Have you visited the St. Stephen’s cathedral Catacombs already?
Most of you have probably walked past or even stepped into the St. Stephen’s cathedral by now. You probably know that you can visit the landmark’s platform via an elevator or take the 343 steps up the south tower. But did you know that beneath the cathedral, you can find ossuaries filled with bones and skulls? Let us tell you all about the St. Stephen’s cathedral Catacombs.
A crypt beneath St. Stephen’s cathedral
The laying of the first stone happened in the year 1137. Within three construction phases the cathedral was built into its impressive appearance. From 1255 till 1732 a cemetery surrounded the cathedral. Then, from the year 1718 on a crypt was built beneath the upper vestry. Due to the closing of the cemetery more crypts were built to be used as ossuaries.
Between 1745 and 1783 over 10.893 people were buried in the crypts beneath the cathedral. After filling a room to the brim with bodies, it simply got walled up. As you can probably imagine, the cathedral had to be closed every now and then as a result. Especially whenever the cadaverous odour got too much to handle. One can only surmise how people must have felt as they walked through the chaos of rotting bodies, skulls, and bones.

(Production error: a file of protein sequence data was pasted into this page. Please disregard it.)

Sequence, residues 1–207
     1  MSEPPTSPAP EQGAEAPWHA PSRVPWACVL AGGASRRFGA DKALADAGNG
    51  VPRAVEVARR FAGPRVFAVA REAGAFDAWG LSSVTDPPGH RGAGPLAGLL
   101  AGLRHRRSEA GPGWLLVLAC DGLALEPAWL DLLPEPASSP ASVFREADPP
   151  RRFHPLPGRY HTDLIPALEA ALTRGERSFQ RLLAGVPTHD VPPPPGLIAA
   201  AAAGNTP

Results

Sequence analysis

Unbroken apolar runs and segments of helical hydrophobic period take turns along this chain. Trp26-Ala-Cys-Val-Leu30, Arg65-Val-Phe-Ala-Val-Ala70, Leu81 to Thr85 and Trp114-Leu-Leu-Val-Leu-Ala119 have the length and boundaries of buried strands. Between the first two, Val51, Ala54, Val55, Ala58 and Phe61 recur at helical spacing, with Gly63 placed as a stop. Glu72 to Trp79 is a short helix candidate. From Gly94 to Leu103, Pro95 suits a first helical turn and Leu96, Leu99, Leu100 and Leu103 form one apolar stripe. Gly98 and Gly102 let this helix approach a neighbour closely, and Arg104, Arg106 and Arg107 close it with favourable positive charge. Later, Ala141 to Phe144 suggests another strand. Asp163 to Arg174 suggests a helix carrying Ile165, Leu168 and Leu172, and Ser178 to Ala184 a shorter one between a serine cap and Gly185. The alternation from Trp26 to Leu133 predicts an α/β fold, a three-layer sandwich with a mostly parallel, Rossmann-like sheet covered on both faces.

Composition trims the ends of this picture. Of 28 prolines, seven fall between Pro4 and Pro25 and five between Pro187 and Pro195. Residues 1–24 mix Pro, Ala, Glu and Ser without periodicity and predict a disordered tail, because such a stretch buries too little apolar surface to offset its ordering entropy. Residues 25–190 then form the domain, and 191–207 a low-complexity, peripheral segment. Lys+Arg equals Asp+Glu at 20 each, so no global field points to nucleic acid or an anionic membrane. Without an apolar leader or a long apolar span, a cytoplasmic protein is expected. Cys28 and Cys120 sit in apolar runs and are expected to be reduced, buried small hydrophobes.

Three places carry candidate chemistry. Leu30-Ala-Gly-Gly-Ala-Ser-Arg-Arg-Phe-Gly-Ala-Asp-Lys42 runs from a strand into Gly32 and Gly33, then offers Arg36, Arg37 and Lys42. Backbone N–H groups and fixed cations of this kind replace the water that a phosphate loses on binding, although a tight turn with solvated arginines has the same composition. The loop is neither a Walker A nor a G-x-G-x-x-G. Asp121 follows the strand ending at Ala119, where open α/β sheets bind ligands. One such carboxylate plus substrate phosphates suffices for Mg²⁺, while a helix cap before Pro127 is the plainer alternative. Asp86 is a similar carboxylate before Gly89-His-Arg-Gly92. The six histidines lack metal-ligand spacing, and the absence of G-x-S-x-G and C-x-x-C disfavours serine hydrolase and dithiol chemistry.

Since the 19th century, a mammoth bone is part of a collection belonging to the University of Vienna. It was found near the entrance of the cathedral. Painted on it are a scroll, the year 1443, and the letters “A.E.I.O.U.”, standing for “It is Austria’s destiny to rule the world” or “Austria will exist eternally”, just to name a few possible meanings of the series of vowels. The crypts were shut down from August 1784 on and only a handful of people were still allowed to visit those ghoulish vaults. Due to moisture penetrating the crypts most bodies and coffins were relocated to smaller and now walled up rooms. Today you can visit the crypts as part of an official tour, starting from 2,50€ for children and 6€ for adults.
More information about the official tours can be found here.